Tuesday, October 21, 2003

The Greatest War that Never Was



Iím watching on the Sc-Fi Channel a show about Orson Wellís War of the Worldís broadcast on Halloween eve, 1938. Itís fascinating what Wells accomplished with that broadcast. He saw the power of the radio, how it held a fascination over the majority of the population. Weíve become so media savy and jaded by the continuous flood of information and disinformation on the tube that itís hard to conceive of how people could suspend their disbelief so thoroughly. But think about it. No one at the time had any reason to disbelieve what they heard on the radio. There was news and there was entertainment. Any idiot could tell the difference between the two because one was serious and the other lighthearted. Even the dramatic shows had artificiality to them, with the narration and sound effects. But what do you make of an entertainment program that apes the seriousness of a newscast? And if you missed the prologue that let you in on the joke, which most people did because they were listening to another, wildly popular show featuring Edger Bergen and Charlie Parker the puppet. Once they finished their first ten-minute bit, people switched channels (arguably the first recorded instance of channel surfing) and tuned into the mundane sounding music punctuated by genuine sounded newscasts. And never switched back to Edgar Bergen.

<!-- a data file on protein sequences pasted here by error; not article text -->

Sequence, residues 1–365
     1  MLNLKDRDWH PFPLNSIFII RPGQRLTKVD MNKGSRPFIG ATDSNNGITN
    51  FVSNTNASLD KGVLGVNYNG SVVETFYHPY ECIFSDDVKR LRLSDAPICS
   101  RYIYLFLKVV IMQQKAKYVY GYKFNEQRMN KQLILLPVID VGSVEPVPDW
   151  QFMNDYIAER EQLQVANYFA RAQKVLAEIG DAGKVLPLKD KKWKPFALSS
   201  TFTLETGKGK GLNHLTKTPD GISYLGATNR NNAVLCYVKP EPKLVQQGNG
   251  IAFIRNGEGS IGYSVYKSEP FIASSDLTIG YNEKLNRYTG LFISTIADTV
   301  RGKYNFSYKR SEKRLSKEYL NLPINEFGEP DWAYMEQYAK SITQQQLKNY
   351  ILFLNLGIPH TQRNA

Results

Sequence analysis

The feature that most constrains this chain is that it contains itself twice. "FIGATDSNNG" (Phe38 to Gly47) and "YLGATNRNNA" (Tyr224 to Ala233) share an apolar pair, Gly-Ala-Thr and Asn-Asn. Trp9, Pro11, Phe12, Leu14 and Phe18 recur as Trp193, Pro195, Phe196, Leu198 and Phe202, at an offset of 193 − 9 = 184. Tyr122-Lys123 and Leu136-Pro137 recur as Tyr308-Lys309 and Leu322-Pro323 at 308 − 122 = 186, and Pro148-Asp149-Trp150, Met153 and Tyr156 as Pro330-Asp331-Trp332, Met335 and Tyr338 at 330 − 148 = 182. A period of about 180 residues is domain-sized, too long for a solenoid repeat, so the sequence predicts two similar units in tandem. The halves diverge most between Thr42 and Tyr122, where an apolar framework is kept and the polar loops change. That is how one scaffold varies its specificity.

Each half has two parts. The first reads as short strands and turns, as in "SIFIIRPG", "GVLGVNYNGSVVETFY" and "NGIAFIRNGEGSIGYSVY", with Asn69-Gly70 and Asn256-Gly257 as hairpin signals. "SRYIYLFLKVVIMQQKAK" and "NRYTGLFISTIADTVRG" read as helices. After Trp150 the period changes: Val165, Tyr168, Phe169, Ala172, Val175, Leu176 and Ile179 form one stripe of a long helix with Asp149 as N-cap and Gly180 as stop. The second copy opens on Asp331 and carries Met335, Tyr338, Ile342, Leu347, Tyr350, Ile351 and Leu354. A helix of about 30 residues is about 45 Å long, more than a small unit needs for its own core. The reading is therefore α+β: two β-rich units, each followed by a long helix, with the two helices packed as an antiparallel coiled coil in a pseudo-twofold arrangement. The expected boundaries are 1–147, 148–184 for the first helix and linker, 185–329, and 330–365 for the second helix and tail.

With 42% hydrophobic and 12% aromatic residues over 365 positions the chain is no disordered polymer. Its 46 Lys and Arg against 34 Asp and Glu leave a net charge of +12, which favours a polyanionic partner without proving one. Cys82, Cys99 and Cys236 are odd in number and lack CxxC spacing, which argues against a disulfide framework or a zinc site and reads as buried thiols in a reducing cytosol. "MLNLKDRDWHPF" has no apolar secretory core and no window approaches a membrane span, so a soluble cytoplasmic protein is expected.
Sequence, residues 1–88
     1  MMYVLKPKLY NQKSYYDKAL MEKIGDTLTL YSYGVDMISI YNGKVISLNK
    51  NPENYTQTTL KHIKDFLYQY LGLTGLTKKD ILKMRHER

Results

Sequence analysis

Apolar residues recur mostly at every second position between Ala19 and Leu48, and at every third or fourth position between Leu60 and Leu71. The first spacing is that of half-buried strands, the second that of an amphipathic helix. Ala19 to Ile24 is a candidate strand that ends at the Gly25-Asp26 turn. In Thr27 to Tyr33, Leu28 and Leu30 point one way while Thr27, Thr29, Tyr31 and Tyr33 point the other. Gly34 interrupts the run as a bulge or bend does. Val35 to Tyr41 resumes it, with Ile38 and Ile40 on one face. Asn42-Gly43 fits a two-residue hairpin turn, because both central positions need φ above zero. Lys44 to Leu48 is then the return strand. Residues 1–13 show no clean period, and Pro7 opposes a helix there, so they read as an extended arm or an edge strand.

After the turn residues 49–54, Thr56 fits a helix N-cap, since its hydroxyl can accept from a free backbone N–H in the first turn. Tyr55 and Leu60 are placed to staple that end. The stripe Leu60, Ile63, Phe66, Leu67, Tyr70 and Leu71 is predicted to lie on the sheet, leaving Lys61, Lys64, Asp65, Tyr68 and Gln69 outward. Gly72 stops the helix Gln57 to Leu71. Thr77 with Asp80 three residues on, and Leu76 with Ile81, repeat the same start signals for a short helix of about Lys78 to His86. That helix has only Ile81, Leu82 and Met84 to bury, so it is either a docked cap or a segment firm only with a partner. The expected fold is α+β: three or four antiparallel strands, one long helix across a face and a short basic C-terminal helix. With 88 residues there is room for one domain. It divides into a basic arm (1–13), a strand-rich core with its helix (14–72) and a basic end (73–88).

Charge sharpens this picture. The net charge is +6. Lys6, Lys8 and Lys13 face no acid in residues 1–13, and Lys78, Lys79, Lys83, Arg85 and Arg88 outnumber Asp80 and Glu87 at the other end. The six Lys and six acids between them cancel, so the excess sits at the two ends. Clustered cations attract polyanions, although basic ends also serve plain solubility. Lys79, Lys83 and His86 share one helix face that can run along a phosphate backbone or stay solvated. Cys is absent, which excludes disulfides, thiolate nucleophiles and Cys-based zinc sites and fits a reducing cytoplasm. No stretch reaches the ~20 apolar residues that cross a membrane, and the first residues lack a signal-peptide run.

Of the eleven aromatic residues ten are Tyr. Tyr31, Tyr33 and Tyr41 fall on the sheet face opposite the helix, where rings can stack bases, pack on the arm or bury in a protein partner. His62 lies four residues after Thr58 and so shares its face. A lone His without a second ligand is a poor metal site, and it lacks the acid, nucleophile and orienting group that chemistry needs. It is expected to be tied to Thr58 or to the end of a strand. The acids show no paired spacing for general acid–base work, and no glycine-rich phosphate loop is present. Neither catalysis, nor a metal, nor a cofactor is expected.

The rest of the story is the stuff of legend and arguably the greatest act of Performance Art, ever. What makes it so great is that for a brief moment in time, one man convinced millions to suspend their preconceived notions of reality.

The key was Wellsí remarkable use of sound effects, using controlled dead air. Silence. Mundane and familiar music. Reporter updates that only heightened the drama. Then the fateful announcement:

Invasion! Mars!



A Roosevelt impersonator only added to the gravitas of the illusion.

Aiding Wellís audio verite was the real live threat, in the form of Hitler, which was on everyoneís mind. People took to the fields and roads of Grover Mills, looking for Martians, finding only shadows lurking behind trees and the ominous and deadly water tower looming over the treetops. Sure, the shooter who put holes in the tower swore the next morning he thought it was a Martian rocket ship.

We might laugh now at those Bumpkins out in Grover Mills, shooting up water towers and heading for the proverbial hills but just remember how many people have since been fooled by TV shows like Candid Camera and Punkíd, or the insane rhetoric, more ludicrous than any hokey science fiction program that issues from the mouth of some serious Politician, his lips turned up in a grave sneer.

We can be fooled. And more easily than you think.

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